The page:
And the Lord God commanded the man, “You may
freely eat of every tree of the garden; but of the tree
of the knowledge of good and evil you shall not eat,
for in the day that you eat of it you shall die.”
Based on a series of books for young people by Tony DiTerlizzi and Holly Black, director Mark Waters and team have given us a film that all members of the family can enjoy. (Though parents of preschool children are cautioned that some scary parts might be too intense for young children!) The cast that includes veterans such as David Strathairn, Mary-Louise Parker, Joan Plowright, and the voices of Nick Nolte, and Martin Short is top notch. Young Freddie Highmore easily holds his own in this distinguished company, playing twin brothers with very different temperaments.
In the prologue Arthur Spiderwick (David Strathairn) is completing his research into the hidden world of fairies by entering all his knowledge into a homemade book he calls Arthur Spiderwick’s Field Guide to the Fantastical World Around You. However, the hidden world not only contains benevolent fairies, but evil goblins and monsters, the leader of which wants to get hold of the book because of the many spells and charms which Arthur has recorded in it. With these the evil goblins can take over the world and destroy the fairies. Fearful of such an event, the fairies swarm over Arthur and conduct him to their realm far, far away. Arthur’s little girl Lucinda witnesses the abduction. No one will believe her tales of fairies, so when she grows up, she is committed to an insane asylum.
Jump ahead 80 years: freshly separated from her husband, Mom (Mary-Louise Parker), the great-great niece of Arthur, arrives with her three reluctant children at the old Spiderwick mansion, her intention to begin life anew away from the crowded streets of New York City. Daughter Mallory (Sarah Bolger) is a teenager barely tolerant of her two junior high-aged brothers. Jared is sullen and resentful, angry over the separation and certain that Mom is the reason his dad left, whereas the more docile Simon goes with the flow of things. During his exploration of the house Jared discovers an old dumbwaiter and tries it out, coming upon the secret room where Arthur Spiderwick had conducted his experiments and hidden his book. There is a note with the book warning the finder not to read the volume, but like Pandora (or Eve), Jared plows ahead, opening and reading about the world hidden from ordinary eyes. The boy also comes upon Thimbletack, an elfin little creature (Martin Short) supposedly guarding the mansion, who is very upset that Jared has opened the forbidden book. The calamitous events that follow include the awakening from slumber of the deadly goblins and monsters, thus putting all in danger and setting the three children off on a journey in search of Lucinda, and eventually even of Arthur.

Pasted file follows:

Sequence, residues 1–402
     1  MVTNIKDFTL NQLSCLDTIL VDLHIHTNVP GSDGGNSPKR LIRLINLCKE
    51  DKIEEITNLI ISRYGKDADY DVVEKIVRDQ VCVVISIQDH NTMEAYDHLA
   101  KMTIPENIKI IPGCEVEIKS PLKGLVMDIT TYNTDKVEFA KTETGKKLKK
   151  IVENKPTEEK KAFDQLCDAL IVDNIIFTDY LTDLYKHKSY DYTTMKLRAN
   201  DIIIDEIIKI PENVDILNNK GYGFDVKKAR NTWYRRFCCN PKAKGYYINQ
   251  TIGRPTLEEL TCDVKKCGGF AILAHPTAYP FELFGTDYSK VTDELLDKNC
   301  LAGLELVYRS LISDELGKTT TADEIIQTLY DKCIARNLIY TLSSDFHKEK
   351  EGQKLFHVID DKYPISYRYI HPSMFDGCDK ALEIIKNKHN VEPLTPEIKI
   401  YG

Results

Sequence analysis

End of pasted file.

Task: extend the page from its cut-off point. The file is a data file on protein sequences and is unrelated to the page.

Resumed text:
The special creature effects are seamlessly integrated into the live action, convincing us of the reality of the world visible only through a special lens or after the hobgoblin Hogsqueal (Seth Rogen) spits into a person’s eyes. The latter provides plenty of laughs in his obsession for chasing anything with feathers for his meals. The film combines thrilling adventure with a very real family problem, that of the feelings of a child resulting from the split up of parents . Children sometimes take the side of one parent against the other, often with insufficient information, as in Jared’s case. This is dealt with in such an understanding way that it cannot help but be useful to young viewers, as well as to the adults who wisely accompany them to this family friendly film—though again, remember the earlier warning concerning preschool children.
We offer the following as possible questions that adults might raise with children (though probably not all at once, nor in a didactic way!).
1) Which character seems the most like yourself? Are you more like Jared—inquisitive and rebellious—or Simon, easy going and accepting of authority?
2) What do you think you might have done in Jared’s place? Close the book and leave it alone? How is curiosity both a good and a dangerous thing? How does something we do often bring on other things that we had not thought about? If you do not know the story of Pandora’s Box, look it up in a book of mythology. Also, read the story of Adam and Eve in Genesis 2 and 3. Have you ever done something you were told not to do? What happened afterward, and how did you feel about it?
3) Why is Jared so upset with his mother? What has he assumed, that is whom does he blame for his father leaving the family? How is this unfair to his mom? Do you think this happens in real life? How is the break up of a marriage more complicated than just blaming one parent?
4) Why doesn’t Mallory believe Jared at first? Would you? Compare this to the story of Lucy trying to convince her brother and sister of the reality of Narnia in The Chronicles of Narnia.
5) In this story the world of fairies and goblins cannot be seen without special power—either with the lens given Jared, or by having one’s eyes spat upon by Hogsqueal. We know this is make-believe, but how is this similar to our belief in the God of the Bible, whom we cannot see? How is faith like the special lens or power through which we “see” (or believe in) God? How is the Bible important for this? Think about what a famous religious leader once said: “The Bible is the spectacles (eye glasses) through which we see God.” (John Calvin)
6) What did you think of Arthur Spiderwick? How is Jared a lot like him? Do you think that there are some things that maybe we should be very careful about exploring, or maybe even not deal with? How can this also be dangerous—that is, if we do not follow our curiosity about the world of nature, would there be any science?
7) What did you like most about this picture? What do you think you have learned from it? Is it one that you’d like to see again?